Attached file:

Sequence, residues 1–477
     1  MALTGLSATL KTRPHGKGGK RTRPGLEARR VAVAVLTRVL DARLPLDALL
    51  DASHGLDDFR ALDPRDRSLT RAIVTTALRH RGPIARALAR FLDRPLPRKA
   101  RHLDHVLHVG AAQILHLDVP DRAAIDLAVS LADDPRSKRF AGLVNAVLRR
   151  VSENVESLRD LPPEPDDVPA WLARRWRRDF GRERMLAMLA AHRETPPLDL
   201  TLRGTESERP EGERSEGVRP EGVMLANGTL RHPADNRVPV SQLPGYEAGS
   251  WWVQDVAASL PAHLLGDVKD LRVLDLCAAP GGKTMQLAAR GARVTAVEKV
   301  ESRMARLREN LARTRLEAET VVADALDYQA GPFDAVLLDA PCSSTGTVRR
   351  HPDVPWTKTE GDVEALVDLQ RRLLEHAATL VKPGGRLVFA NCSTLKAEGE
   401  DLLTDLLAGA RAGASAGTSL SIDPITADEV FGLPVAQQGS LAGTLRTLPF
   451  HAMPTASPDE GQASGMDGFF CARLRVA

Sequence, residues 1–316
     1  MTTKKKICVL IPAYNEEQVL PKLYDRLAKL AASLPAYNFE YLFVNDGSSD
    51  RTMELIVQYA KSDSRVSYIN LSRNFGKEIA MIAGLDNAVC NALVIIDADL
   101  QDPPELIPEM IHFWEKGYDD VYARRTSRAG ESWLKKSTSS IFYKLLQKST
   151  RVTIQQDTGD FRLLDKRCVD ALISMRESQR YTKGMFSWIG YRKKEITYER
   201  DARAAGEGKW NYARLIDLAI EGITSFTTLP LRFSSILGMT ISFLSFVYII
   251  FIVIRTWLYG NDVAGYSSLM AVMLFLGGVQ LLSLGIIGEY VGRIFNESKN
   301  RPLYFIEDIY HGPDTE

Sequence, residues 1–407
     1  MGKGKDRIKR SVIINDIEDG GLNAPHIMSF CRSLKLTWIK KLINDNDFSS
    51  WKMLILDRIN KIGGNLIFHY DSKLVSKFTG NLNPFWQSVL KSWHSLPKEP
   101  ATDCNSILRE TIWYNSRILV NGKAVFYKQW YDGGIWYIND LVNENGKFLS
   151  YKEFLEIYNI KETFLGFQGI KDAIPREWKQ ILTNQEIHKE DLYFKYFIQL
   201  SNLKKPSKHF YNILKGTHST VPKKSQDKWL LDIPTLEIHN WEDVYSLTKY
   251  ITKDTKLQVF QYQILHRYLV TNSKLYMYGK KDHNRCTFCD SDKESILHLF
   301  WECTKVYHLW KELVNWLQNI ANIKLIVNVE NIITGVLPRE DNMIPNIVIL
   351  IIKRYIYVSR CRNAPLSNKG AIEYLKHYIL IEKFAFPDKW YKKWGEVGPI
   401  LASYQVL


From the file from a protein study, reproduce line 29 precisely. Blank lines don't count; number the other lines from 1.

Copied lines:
   401  LASYQVL